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The Jewish Encyclopedia writes that the mention of the " Holy of Holies " in this passage is not an anachronism, as Grätz thinks, for while it is true that Eliezer and Joshua were present as the geonim par excellence at Elisha's circumcision — which must, therefore, have occurred after the death of Johanan ben Zakkai ( 80 )— it is also true that the " Holy of Holies " is likewise mentioned in connection with Rabbi Akiva ( Makkot, end ); indeed, the use of this expression is due to the fact that the Rabbis held holiness to be inherent in the place, not in the building ( Yevamot 6b ).
Some Related Sentences
Jewish and Encyclopedia
According to the Jewish Encyclopedia on David descendant Jehoash of Judah: In Rabbinical Literature: As the extermination of the male descendants of David was a divine retribution for the extermination of the priests because of David ( comp.
According to the Jewish Encyclopedia Abiathar was deposed from office when he was deserted by the Holy Spirit without which the Urim and Thummin could not be consulted.
According to the Jewish Encyclopedia, " a comparison of the Masoretic text with the Septuagint throws some light on the last phase in the history of the origin of the Book of Jeremiah, inasmuch as the translation into Greek was already under way before the work on the Hebrew book had come to an end ...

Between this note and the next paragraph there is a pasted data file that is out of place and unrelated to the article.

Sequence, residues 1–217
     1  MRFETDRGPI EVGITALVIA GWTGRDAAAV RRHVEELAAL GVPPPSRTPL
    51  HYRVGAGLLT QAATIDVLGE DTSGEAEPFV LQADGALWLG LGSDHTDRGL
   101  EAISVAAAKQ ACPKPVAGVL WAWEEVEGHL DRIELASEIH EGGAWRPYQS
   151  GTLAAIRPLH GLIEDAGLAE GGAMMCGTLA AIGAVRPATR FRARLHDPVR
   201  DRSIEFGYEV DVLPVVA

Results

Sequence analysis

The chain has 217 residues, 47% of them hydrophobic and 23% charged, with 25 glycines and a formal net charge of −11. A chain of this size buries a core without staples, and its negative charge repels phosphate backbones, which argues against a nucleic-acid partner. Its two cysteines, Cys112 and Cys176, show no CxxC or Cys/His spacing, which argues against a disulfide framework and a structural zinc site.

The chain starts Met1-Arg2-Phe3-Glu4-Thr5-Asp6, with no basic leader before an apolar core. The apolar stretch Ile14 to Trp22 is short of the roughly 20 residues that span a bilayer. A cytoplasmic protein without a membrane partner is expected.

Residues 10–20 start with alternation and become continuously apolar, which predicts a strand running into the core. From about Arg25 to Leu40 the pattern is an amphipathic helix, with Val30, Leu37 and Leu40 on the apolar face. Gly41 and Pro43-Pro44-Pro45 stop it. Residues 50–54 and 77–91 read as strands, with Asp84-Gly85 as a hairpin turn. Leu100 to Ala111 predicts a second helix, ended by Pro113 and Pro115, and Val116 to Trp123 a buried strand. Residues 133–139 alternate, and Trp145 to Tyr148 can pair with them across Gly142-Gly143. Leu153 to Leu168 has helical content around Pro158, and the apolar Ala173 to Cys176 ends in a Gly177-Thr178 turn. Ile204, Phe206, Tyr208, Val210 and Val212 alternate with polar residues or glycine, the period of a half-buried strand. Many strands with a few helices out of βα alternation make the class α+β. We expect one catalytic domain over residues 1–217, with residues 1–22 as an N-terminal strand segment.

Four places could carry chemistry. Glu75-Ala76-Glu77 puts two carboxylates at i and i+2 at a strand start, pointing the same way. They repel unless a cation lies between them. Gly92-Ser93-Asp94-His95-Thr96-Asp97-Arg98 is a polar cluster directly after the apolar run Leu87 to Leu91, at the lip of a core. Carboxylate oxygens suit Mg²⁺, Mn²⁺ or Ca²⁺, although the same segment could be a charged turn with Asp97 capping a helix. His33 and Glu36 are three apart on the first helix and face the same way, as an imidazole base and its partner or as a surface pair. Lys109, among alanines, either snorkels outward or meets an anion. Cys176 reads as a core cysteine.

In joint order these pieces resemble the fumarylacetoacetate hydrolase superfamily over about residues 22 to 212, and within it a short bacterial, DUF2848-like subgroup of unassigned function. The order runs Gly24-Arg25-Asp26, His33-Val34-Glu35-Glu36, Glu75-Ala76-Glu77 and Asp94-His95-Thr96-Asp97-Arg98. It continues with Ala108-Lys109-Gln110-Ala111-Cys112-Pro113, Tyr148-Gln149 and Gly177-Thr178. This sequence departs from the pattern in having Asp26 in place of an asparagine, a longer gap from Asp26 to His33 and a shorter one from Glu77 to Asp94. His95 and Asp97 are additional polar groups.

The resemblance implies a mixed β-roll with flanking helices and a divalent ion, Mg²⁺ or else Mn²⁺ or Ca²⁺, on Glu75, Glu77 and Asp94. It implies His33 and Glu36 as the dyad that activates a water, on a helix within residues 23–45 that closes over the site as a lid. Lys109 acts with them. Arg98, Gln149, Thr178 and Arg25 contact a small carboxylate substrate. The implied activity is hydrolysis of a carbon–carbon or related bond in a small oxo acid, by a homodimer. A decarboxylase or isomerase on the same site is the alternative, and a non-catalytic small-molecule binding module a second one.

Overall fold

Scholars agree that the introductory and concluding sections of the book, the framing devices, were composed to set the central poem into a prose " folk-book ", as the compilers of the Jewish Encyclopedia expressed it.
According to the Jewish Encyclopedia, the large number of people claimed to have been killed by the Jews is an improbability ; " Perhaps the most striking point against the historical value of the Book of Esther is the remarkable decree permitting the Jews to massacre their enemies and fellow subjects during a period of two days.
Jewish and writes
Belshazzar and his nobles blasphemously drink from sacred Jewish temple vessels, offering praise to inanimate gods, until a hand mysteriously appears before the crowd and writes upon the wall of the palace.
Neil Forsyth writes that " what distinguishes both Jewish and Christian religious systems [...] is that they elevate to the sacred status of myth narratives that are situated in historical time ".
The following arguments have been based on the content: ( 1 ) It is perceived to be theologically incompatible with Paul's other epistles: elsewhere Paul attributed Jesus's death to the " rulers of this age " ( 1 Cor 2: 8 ) rather than to the Jews, and elsewhere Paul writes that the Jews have not been abandoned by God for " all Israel will be saved " ( Rom 11: 26 ); According to 1 Thes 1: 10, the wrath of God is still to come, it is not something that has already shown itself ( 2 ) There were no extensive historical persecutions of Christians by Jews in Palestine prior to the first Jewish war ( 3 ) The use of the concept of imitation in 1 Thes.
One of the arguments against the authenticity of the James passage has been that in the Jewish Wars Josephus portrays the High Priest Ananus in a positive manner, while in the Antiquities he writes of Ananus in a negative tone.